MGT 460 : Review the BBA core
MGT 460 : Review the BBA core MGT 460
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This 3 page Class Notes was uploaded by Winn on Saturday April 16, 2016. The Class Notes belongs to MGT 460 at Marshall University taught by Dr. Uyi Lawani in Spring 2016. Since its upload, it has received 8 views.
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Date Created: 04/16/16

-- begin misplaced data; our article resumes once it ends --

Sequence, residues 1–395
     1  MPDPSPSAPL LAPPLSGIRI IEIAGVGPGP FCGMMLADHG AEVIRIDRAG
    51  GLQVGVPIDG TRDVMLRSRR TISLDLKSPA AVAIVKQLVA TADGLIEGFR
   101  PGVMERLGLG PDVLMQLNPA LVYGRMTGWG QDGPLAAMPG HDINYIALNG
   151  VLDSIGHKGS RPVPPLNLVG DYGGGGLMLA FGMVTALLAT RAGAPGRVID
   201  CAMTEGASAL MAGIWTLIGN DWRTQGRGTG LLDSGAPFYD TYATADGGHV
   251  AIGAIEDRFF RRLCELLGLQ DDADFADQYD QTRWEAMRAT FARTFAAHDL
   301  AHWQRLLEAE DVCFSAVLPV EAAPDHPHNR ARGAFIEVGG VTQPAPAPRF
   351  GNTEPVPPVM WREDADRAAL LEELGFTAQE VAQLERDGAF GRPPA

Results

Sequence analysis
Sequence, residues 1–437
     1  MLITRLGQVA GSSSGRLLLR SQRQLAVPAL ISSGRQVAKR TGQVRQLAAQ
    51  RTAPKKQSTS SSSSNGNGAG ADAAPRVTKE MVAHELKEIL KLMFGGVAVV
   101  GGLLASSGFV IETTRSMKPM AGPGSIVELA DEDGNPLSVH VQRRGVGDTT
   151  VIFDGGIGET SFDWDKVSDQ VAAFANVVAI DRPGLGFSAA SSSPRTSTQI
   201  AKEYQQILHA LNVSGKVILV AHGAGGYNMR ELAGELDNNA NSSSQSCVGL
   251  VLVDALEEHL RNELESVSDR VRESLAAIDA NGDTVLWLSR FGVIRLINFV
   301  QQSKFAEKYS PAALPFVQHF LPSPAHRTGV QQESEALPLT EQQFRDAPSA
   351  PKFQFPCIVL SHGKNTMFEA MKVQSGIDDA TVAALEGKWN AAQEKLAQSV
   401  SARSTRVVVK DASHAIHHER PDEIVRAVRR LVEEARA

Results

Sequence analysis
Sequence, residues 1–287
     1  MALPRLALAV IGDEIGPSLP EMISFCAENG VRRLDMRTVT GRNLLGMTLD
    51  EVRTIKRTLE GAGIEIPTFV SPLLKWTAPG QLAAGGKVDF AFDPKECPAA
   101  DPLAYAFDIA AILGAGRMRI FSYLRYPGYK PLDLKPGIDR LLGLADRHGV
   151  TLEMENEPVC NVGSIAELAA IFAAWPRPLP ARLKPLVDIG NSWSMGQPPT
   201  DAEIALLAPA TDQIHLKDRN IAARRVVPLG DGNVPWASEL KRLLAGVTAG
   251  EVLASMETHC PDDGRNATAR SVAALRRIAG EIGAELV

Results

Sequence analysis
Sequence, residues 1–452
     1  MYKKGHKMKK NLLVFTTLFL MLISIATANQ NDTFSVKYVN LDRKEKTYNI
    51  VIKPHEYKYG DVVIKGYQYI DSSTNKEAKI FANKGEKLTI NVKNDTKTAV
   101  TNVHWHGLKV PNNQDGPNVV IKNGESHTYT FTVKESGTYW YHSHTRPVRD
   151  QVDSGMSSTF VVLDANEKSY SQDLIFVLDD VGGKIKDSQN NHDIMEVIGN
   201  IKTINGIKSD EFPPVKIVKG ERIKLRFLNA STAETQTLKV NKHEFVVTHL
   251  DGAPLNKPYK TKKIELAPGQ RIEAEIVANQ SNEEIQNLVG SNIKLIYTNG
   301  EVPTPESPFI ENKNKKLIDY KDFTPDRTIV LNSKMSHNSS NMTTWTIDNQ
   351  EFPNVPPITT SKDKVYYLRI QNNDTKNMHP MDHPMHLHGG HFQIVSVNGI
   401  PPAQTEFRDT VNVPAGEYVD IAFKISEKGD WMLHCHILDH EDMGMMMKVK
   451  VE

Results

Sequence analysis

Review the BBA core : accounting, financing , management , economics Explain Important More important Basic Accounting Formula Definition: The basic accounting formula forms the logical basis for double entry accounting. The formula is: Assets = Liabilities + Shareholders' Equity The three components of the basic accounting formula are: Assets. These are the tangible and intangible assets of a business, such as cash, accounts receivable, inventory, and fixed assets. Liabilities. These are the obligations of a business to pay its creditors, such as for accounts payable, accrued wages, and loans. Shareholders' equity. This is funds obtained from investors, as well as accumulated profits that have not been distributed to investors. In essence, a business uses liabilities and shareholders' equity to obtain sufficient funding for the assets its needs to operate. The basic accounting formula must balance at all times. If not, a journal entry was entered incorrectly, and must be fixed before financial statements can be issued. This balancing requirement is most easily seen in the balance sheet (also known as the statement of financial position), where the total of all assets must equal the combination of all liabilities and all shareholders' equity. The basic accounting formula is one of the fundamental underpinnings of accounting, since it forms the basis for the recordation of all accounting transactions. In essence, if both sides of the basic accounting formula do not match at all times, there is an error in the accounting system that must be corrected. The following table shows how a number of typical accounting transactions are recorded within the framework of the accounting equation: Transaction Type Assets Liabilities + Equity Buy fixed assets on Accounts payable (liability) Fixed assets increase credit increases Buy inventory on Accounts payable (liability) Inventory increases credit increases Retained earnings (equity) Pay dividends Cash decreases decreases Pay rent Cash decreases Income (equity) decreases Accounts payable (liability) Pay supplier invoices Cash decreases decreases Sell goods on credit Inventory decreases Income (equity) decreases (part 1) Sell goods on credit Accounts receivable Income (equity) increases (part 2) increases Accounts receivable Sell services on credit Income (equity) increases increases Sell stock Cash increases Equity increases Basic Finance Formula : 1) Calculate the cash flow = Income – Expenses. 2) Leverage ratio using income = Debt payments/ Income 3) Leverage ratio = Total debt / total equity 4) Real return = [ [(1+ investment return)/ ( 1+ inflation rate) ] – 1 ] x 100 5) Percentage increase = ( market price – purchase price) / purchase price 6) Years to double investment = 72 / R ( the annual interest rate of the investment ) Basic Economics Formula : 1) Average Total Cost (ATC) = Total Cost / Q (Output is quantity produced or ‘Q’) 2) Average Variable Cost (AVC) = Total Variable Cost / QAverage 3) Fixed Cost (AFC) = ATC – AVC 4) Total Cost (TC) = (AVC + AFC) X Output (Which is Q) 5) Total Variable Cost (TVC) = AVC X Output 6) Total Fixed Cost (TFC) = TC – TVC 7) Marginal Cost (MC) = Change in Total Costs / Change in Output 8) Marginal Product (MP) = Change in Total Product / Change in Variable Factor 9) Marginal Revenue (MR) = Change in Total Revenue / Change in Q 10) Average Product (AP) = TP / Variable Factor 11) Total Revenue (TR) = Price X Quantity 12) Average Revenue (AR) = TR / Output 13) Total Product (TP) = AP X Variable Factor 14) Economic Profit = TR – TC > 0 15) A Loss = TR – TC < 0 16) Break Even Point = AR = ATC 17) Profit Maximizing Condition = MR = MC